new business venture. In August 2007,
2
Hessels bought Milton Motor
Sports, an existing recreational motorsport dealership
in the Milton area just outside Toronto, Ontario.
Hessels immediately changed the business name to
Envy Rides Incorporated, converting the business’s
identity and the building to
the Envy Rides brand.
Hessels’ business grew exponentially in its early
months. Sales were increasing, and the staff
complement had grown from six to more than 20 em
ployees in less than a year. In February 2008,
Envy’s growth supported a move, and the business relo
cated to its current store in Mississauga, Ontario.
The 14,000-square-foot leased facility focused on selling
recreational vehicles, mainly in the motorsport
category. Although vehicles within the motorsport divi
sion consisted of a variety of vehicles, including
ATVs, snowmobiles and mopeds, Envy primarily focused
on motorcycles. The dealership carried many
different brand names, with a large focus on Aprilia
, Moto Guzzi, Suzuki and Yamaha, thereby increasing
Envy’s overall recreational market share by offering bra
nds that interested most consumers. Additionally,
the dealership offered accessories and apparel (hel
mets, jackets, boots, etc.) that supplemented the
recreational vehicle purchase. Envy provided recr
eational vehicle servicing by a knowledgeable and
friendly parts-and-service team within the dealer
ship (much like an automo
tive dealership). The
dealership serviced all types of motorsport vehi
cles, with the exception of marine vehicles. To
accommodate riders during the winter months, Envy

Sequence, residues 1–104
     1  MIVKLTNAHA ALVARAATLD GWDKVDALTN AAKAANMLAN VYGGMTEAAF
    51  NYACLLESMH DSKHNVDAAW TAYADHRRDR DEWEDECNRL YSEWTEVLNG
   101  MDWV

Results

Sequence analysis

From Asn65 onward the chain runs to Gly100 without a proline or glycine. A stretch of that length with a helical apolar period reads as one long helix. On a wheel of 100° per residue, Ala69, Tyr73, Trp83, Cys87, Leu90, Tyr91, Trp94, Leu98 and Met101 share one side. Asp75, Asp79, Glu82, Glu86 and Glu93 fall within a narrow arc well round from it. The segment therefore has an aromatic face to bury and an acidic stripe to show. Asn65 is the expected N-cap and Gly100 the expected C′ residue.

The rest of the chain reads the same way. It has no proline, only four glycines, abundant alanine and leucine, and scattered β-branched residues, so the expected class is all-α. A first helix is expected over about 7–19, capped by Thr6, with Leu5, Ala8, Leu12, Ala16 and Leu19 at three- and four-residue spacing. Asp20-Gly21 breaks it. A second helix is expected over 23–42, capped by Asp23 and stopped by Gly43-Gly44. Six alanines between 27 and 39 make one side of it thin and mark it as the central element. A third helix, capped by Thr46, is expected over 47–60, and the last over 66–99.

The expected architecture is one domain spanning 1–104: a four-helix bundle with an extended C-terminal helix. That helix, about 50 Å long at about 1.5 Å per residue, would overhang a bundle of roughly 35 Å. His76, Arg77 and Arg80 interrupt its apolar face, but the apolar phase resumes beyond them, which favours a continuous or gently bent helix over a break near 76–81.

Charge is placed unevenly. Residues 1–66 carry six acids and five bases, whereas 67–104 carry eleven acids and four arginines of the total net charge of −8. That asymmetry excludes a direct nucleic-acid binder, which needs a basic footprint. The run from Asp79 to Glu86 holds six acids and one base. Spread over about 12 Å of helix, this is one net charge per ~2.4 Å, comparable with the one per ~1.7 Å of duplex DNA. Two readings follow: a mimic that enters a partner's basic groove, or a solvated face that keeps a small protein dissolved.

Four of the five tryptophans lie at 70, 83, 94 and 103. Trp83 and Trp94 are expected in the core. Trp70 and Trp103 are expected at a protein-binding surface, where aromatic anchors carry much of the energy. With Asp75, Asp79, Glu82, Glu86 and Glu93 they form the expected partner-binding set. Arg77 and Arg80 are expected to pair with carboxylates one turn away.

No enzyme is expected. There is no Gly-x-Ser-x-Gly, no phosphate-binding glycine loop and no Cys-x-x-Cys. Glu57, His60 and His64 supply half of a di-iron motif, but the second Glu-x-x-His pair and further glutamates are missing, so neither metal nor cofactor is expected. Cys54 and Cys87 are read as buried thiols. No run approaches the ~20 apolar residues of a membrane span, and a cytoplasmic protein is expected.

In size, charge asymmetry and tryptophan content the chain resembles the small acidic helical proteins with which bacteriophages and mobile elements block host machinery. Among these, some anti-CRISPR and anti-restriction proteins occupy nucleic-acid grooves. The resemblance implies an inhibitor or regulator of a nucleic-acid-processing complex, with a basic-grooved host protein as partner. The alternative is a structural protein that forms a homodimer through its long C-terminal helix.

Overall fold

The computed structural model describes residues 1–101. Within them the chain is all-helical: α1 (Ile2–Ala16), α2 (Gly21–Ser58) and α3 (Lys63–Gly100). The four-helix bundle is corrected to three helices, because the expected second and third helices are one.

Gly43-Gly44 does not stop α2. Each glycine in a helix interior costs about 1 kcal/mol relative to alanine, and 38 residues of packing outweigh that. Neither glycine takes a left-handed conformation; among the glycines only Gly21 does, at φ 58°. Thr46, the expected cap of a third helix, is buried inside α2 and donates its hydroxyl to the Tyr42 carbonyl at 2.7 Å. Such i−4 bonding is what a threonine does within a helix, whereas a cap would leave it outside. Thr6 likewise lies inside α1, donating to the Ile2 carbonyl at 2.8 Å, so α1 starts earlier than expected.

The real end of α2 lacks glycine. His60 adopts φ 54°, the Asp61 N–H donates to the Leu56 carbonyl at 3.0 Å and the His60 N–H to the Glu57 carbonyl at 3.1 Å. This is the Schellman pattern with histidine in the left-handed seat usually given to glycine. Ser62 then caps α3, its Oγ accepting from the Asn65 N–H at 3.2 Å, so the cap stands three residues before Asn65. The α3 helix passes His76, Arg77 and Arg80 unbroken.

offered storage for motorcycles and other motor
sport vehicles. Envy also had a strong website presence on the Internet with plenty of information
ranging from events, to the most recent news, to invent
ory and dealer information; the site even allowed
consumers to post testimonials about their buying experience.
With Hessels and his marketing expertise at the helm
of the company, Envy was the subject of brilliant
marketing campaigns and initiatives. Hessels had bi
g dreams and, with the 2008 expansion, he took
advantage of the grand opening with the hope of further increasing sales. The grand opening featured
activities and events including a bike wash, races,
prizes a barbecue and massive inflatable ATVs
covering the new facility’s lot. Envy also had a
large presence on a hit radio station, z103.5, which
catered to Envy’s prime demographic
?
consumers between 18 and 35 years of age.
New to the market, Envy matched any other competito
r’s price (if quoted in writing), and the business
strongly relied on word-of-mouth advertising. As a
motorcycle rider himself,
Hessels’ knowledge and
expertise played a key role in the buyer’s purchasi
ng experience. Envy strove to ensure customer
satisfaction at the highest level and to represent its
brands professionally at all times. Envy’s mission
statement sought to provide a new type of buying
experience for consumers, wherein the dealership
would also provide outstanding service after the sale was completed. Hessels believed Envy was the
dealer that would be able to provide this kind of service.
Hessels looked back on the expansion as necessary; ho
wever, with the current economy and the everyday
woes of the recreational motor sport industry, he knew it was time to do more to improve his cash
position and to improve Envy’s profit margin.
2

Envy’s first complete fiscal year end was 2008.